As vaccine opposition grows, those who suffered complications of childhood diseases say, ‘How different my life would have been’

Most of you probably know how strongly I feel about the importance of vaccinating against childhood diseases such as rubella, measles, mumps, whooping cough and polio.

I realize that there are sometimes negative side effects from vaccines, but they are very rare, and no medical procedure is free of potential negative results. In fact, almost nothing we do in life is free of the possibility of disaster.

Please read this article, from The Chicago Tribune, which touches upon the lives of several people who were permanently disabled because they were not vaccinated. I assume that, unlike today’s children, the vaccines were not yet available to protect them. And yet, the disabilities that these people suffer – permanent vision and hearing loss – are relatively minor compared to the possibility of brain damage and death, which they might have suffered, and others did suffer.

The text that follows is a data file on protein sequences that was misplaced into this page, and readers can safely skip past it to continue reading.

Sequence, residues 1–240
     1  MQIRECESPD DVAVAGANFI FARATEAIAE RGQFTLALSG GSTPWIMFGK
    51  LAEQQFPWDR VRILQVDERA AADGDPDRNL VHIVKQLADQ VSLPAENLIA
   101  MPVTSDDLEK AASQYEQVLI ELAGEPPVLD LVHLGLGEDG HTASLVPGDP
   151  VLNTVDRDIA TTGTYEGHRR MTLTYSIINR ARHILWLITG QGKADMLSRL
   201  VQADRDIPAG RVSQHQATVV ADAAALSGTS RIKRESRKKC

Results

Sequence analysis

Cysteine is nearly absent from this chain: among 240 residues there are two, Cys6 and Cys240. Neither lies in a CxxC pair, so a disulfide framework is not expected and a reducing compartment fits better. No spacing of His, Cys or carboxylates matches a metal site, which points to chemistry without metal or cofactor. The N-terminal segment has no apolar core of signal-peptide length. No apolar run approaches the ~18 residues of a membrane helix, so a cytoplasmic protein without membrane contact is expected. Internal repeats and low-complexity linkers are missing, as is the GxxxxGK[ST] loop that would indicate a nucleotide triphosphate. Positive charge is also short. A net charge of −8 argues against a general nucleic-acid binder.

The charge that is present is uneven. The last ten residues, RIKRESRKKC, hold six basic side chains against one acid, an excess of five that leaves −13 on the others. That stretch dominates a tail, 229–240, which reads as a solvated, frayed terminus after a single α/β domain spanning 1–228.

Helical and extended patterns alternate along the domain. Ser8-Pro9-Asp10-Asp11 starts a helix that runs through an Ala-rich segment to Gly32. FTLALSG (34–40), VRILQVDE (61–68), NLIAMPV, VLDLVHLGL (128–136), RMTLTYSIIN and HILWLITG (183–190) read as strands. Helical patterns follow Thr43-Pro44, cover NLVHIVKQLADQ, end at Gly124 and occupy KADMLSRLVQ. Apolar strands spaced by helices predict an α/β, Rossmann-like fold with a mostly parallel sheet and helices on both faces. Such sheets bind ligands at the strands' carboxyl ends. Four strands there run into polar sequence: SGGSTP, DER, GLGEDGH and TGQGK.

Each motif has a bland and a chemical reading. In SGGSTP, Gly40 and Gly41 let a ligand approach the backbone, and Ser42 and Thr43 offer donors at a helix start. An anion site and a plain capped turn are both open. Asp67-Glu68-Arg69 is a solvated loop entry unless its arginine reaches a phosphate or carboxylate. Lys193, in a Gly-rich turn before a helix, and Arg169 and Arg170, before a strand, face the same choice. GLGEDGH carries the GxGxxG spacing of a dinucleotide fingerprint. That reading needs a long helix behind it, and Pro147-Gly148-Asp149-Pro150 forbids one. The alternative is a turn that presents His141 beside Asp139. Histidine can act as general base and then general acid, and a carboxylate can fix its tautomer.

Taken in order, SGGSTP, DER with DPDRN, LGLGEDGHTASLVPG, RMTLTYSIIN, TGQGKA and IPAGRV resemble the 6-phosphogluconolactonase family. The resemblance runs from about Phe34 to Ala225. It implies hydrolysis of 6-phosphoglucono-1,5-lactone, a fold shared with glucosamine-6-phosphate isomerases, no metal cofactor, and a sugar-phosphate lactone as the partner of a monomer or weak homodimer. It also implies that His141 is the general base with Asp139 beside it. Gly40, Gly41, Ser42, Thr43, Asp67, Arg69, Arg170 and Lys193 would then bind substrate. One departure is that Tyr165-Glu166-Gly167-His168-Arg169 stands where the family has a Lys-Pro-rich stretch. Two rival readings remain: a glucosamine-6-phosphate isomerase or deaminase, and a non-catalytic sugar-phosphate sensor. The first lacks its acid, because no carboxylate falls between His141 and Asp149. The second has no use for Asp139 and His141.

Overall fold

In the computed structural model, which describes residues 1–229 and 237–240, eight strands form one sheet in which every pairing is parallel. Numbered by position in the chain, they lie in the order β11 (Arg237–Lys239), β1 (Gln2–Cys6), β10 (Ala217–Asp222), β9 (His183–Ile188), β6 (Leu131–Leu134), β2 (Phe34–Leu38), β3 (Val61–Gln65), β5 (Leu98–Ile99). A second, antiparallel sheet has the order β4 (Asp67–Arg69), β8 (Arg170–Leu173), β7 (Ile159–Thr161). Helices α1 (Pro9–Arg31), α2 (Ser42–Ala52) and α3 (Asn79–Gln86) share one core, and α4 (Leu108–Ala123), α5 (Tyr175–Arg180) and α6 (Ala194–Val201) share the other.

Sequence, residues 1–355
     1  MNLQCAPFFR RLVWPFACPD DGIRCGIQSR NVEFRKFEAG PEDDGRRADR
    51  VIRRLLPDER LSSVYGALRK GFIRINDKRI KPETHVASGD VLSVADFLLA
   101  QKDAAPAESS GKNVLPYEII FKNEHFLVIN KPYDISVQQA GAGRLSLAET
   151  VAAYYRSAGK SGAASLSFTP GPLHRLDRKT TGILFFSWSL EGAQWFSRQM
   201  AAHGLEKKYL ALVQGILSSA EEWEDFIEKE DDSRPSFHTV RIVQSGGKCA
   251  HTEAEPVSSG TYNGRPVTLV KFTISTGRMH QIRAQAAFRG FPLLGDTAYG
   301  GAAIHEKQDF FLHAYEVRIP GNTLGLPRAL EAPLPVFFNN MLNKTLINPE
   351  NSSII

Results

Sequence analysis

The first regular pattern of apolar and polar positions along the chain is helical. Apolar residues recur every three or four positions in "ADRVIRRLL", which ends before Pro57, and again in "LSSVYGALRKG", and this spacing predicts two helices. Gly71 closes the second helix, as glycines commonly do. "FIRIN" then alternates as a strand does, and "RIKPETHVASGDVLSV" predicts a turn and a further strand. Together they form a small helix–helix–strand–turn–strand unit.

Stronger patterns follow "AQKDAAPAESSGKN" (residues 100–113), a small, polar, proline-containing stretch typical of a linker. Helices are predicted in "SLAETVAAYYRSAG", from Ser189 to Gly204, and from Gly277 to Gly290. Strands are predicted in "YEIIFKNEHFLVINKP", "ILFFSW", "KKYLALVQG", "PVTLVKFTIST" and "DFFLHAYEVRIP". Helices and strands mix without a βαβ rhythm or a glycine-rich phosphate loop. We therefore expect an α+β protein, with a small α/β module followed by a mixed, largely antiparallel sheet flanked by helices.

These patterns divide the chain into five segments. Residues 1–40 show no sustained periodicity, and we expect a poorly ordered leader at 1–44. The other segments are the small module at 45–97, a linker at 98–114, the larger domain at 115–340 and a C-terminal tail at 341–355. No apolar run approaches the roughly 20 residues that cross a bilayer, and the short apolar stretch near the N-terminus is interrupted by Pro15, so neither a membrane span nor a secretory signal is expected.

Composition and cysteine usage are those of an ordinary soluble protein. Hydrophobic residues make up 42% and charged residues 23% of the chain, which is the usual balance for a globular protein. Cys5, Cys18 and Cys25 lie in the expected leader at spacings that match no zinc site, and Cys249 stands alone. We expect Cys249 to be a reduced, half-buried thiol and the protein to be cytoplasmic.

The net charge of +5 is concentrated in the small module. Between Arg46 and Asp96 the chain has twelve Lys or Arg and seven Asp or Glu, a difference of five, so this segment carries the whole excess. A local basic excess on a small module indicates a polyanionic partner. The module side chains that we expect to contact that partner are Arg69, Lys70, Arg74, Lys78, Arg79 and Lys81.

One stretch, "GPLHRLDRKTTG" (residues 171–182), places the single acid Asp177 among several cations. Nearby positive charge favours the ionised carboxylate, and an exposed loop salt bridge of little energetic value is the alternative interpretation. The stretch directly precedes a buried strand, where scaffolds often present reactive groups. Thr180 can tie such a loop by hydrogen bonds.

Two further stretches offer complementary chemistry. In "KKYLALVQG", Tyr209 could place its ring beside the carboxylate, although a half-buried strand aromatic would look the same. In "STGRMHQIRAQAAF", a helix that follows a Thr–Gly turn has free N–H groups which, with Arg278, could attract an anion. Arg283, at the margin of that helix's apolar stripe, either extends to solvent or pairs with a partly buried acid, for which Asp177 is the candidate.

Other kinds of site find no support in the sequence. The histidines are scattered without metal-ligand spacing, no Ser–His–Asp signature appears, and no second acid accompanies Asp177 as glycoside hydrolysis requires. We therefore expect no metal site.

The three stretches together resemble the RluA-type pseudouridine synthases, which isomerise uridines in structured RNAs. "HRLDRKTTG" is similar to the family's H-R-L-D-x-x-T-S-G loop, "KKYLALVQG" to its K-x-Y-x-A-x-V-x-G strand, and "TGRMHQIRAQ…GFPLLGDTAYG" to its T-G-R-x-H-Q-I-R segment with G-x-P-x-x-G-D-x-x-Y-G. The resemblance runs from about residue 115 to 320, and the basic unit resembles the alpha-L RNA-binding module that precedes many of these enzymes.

The irony is that the success of childhood vaccination has, until recently, decreased the incidents of these diseases to almost nil in the United States.

…Disabilities due to vaccine-preventable illnesses such as measles, mumps and rubella — including blindness, deafness and permanent brain damage — are rarely discussed in an increasingly heated national debate over vaccine avoidance, in part because discussion tends to focus on the more dramatic risk of death, in part because it’s no longer common to know someone living with the lifelong effects of a serious childhood illness. But the risk of disability remains one of the most important reasons to vaccinate, according to Patsy Stinchfield, senior director of infection prevention and control at Children’s Minnesota hospitals and clinics.

“(People) look around, and they don’t see polio. They don’t see measles. They don’t see the disabilities. It’s invisible,” said Stinchfield, senior director of infection prevention and control at Children’s Minnesota hospitals and clinics.